Inside the Library in Biltmore House

George Vanderbilt's Library has been a guest favorite for more than 100 years. Vanderbilt treasured books, and collected 22,784 of them in his lifetime. Around 10,000 fill the shelves in his Library in Biltmore House. The oldest book in the collection was published in 1561! Photo credit: The Biltmore Company.

Pages from George Vanderbilt's journal, “Books I Have Read.” Vanderbilt started recording his reading progress at age 12 until his untimely death at 51, He logged more than 3,159 books. Photo credit: The Biltmore Company.

The collection ranges in subject from American and English fiction to world history, religion, philosophy, art, and architecture. It also contains many French titles – 4,326 to be exact – and Vanderbilt's journal shows that he read many of them. He was interested in France, its culture, and was fluent in the French language. Photo credit: The Biltmore Company.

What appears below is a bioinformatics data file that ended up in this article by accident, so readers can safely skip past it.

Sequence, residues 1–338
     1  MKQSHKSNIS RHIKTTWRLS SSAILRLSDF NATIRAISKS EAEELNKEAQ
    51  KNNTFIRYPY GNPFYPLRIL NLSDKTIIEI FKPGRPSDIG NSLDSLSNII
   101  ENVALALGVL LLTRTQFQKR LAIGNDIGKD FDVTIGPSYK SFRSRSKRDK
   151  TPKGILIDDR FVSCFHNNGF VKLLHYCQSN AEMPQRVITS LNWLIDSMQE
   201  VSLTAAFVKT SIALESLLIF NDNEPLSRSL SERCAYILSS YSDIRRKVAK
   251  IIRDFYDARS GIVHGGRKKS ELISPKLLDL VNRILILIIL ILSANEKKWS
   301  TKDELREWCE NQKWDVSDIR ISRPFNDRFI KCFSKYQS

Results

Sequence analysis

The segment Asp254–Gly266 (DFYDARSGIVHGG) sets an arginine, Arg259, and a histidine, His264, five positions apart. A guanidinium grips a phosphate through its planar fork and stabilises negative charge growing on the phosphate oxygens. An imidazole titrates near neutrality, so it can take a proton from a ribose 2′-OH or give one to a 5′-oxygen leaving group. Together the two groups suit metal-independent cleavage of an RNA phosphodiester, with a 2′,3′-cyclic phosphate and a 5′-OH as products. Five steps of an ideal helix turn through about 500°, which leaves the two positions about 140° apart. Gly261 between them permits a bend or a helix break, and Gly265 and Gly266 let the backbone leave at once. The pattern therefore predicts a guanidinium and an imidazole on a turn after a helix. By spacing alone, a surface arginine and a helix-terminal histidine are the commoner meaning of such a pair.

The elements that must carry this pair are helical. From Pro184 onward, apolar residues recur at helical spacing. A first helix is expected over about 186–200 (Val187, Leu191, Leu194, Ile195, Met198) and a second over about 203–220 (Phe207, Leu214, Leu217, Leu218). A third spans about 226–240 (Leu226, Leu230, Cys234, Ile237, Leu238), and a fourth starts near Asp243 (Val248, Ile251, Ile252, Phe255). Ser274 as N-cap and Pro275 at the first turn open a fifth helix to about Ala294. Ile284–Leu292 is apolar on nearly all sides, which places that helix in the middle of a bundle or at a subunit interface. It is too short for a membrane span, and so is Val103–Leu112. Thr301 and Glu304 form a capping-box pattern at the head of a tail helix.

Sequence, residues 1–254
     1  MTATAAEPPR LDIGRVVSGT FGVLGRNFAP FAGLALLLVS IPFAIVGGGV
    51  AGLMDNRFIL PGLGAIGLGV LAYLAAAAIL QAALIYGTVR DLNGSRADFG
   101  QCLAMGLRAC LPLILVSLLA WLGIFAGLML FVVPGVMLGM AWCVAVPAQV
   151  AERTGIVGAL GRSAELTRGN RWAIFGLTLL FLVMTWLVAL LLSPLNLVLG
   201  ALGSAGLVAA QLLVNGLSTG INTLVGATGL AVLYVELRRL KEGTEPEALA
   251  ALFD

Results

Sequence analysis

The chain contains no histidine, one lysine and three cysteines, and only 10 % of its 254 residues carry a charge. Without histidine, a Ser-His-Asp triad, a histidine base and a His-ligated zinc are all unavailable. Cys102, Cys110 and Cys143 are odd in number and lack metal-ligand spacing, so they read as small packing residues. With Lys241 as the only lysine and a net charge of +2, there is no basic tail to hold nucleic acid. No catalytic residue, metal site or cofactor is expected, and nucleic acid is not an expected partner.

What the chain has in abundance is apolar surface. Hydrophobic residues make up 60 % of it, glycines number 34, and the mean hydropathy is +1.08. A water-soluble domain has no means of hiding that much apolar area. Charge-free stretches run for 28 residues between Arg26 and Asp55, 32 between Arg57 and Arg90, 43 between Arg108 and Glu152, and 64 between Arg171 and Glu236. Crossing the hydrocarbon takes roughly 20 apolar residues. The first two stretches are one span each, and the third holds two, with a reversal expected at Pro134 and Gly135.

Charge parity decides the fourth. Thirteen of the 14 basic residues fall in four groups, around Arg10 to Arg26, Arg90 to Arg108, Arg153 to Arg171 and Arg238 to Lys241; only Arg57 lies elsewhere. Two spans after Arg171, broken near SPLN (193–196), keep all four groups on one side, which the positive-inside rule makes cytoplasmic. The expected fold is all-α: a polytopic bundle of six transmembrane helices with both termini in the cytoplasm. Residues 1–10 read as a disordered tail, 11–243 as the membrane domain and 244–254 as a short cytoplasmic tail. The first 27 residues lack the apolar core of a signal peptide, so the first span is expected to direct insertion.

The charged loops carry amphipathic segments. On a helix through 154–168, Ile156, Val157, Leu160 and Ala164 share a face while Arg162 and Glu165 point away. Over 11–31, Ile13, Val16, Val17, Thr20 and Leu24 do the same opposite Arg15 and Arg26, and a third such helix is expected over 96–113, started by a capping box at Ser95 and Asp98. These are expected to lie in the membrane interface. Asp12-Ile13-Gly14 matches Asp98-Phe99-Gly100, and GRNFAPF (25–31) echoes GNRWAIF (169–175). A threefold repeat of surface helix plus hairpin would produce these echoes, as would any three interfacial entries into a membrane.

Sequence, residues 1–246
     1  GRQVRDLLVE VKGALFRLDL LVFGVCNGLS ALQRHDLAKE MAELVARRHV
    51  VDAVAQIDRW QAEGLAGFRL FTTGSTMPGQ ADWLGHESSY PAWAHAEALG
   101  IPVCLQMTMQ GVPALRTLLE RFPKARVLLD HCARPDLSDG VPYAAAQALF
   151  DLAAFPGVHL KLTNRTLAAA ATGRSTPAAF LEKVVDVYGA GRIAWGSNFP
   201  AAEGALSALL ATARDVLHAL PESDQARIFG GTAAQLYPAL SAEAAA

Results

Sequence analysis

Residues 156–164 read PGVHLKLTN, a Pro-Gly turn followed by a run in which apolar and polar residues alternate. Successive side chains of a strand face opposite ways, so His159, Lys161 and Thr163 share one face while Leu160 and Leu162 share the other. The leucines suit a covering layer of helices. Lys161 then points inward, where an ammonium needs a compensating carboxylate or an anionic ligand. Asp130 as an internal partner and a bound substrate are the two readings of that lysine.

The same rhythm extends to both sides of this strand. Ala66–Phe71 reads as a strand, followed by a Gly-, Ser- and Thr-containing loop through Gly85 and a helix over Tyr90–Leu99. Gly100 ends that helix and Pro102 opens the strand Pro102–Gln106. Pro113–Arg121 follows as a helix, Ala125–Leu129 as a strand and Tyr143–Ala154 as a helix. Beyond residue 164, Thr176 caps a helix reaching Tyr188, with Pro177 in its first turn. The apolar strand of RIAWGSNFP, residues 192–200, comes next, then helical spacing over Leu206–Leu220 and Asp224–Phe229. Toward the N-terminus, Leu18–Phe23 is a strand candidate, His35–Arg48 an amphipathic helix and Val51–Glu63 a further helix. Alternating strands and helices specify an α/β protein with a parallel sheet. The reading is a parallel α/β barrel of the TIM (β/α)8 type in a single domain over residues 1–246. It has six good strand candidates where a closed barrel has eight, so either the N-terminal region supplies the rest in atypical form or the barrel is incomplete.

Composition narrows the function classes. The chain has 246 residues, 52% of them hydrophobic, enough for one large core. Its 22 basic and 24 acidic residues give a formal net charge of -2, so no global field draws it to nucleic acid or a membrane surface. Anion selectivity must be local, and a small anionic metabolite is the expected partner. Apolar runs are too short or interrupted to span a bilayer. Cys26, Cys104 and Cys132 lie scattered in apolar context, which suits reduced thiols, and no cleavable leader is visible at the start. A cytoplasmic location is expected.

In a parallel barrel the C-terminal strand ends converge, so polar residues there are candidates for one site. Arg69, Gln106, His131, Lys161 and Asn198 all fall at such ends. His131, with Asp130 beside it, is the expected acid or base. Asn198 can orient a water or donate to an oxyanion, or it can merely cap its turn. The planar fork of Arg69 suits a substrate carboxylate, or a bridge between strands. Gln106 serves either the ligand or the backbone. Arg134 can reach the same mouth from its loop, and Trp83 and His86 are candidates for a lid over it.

A page from “L’Ornament Polychrome” shows “Early Style of Flower Management.” “L’Ornament Polychrome” was published in 1869 and was a pictorial work on the history of design. Photo credit: The Biltmore Company.

Several classic romances grace the shelves. A fan of Jane Austen, Vanderbilt notes in his journal that he read "Pride and Prejudice" in 1897, and "Emma" in 1890. Photo credit: The Biltmore Company.

About this "Romeo and Juliet": It is officially "The Tragedie of Romeo and Juliet" (The Players' Text of 1597, with the Heminges and Condell Text of 1623). This edition is dedicated to Edwin Booth, the famous Shakespearean actor and older brother of John Wilkes Booth, Abraham Lincoln’s assassinator. According to “Books I Have Read,” Vanderbilt may not have ever read "Romeo and Juliet" as it is not noted in his detailed journal. Photo credit: The Biltmore Company.

Architectural details in the Library nearly upstage Vanderbilt's impressive book collection. Here is a view of the wood and iron work on the spiral staircase. Photo credit: The Biltmore Company.

Even the curtain rods in the Library are works of art. Photo credit: The Biltmore Company.

The soaring Pellegrini Ceiling in the Library at Biltmore House. Depicted is "The Chariot of Aurora."

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